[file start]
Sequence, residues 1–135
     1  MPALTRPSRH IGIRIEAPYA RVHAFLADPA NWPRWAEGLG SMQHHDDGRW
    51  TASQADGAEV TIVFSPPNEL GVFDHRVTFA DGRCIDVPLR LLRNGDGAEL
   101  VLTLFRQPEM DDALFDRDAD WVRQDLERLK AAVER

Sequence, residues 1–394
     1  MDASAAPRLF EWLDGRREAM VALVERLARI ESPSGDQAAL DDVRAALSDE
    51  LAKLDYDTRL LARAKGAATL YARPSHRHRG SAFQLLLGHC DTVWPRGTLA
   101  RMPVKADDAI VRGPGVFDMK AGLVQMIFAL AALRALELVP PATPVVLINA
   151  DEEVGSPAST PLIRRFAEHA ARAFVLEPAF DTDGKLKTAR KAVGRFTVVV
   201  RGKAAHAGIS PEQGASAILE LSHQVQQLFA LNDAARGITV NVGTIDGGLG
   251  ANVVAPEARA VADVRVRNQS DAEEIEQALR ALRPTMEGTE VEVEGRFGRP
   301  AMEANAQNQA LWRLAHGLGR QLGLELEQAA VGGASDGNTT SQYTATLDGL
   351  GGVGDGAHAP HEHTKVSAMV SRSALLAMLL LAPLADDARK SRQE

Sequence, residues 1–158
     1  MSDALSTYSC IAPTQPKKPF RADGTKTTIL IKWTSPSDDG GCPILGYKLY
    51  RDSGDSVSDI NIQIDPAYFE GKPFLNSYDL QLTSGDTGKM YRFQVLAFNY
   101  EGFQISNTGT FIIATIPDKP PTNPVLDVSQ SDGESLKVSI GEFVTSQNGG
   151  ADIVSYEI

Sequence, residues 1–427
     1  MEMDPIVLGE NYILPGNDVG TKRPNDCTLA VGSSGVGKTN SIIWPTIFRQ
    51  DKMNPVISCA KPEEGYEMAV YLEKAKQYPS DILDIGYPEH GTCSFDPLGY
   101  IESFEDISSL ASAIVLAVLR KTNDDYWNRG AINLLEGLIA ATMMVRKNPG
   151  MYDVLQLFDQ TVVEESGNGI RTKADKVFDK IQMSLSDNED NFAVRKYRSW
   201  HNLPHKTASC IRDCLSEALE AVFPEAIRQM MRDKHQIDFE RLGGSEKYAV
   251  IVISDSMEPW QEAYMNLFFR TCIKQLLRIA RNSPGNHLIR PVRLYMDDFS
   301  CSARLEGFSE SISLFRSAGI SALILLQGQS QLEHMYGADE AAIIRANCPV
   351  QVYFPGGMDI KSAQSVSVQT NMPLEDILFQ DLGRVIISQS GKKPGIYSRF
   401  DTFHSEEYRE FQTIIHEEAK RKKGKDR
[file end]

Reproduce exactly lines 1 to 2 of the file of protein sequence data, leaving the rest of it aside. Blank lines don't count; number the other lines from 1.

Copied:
Sequence, residues 1–135
     1  MPALTRPSRH IGIRIEAPYA RVHAFLADPA NWPRWAEGLG SMQHHDDGRW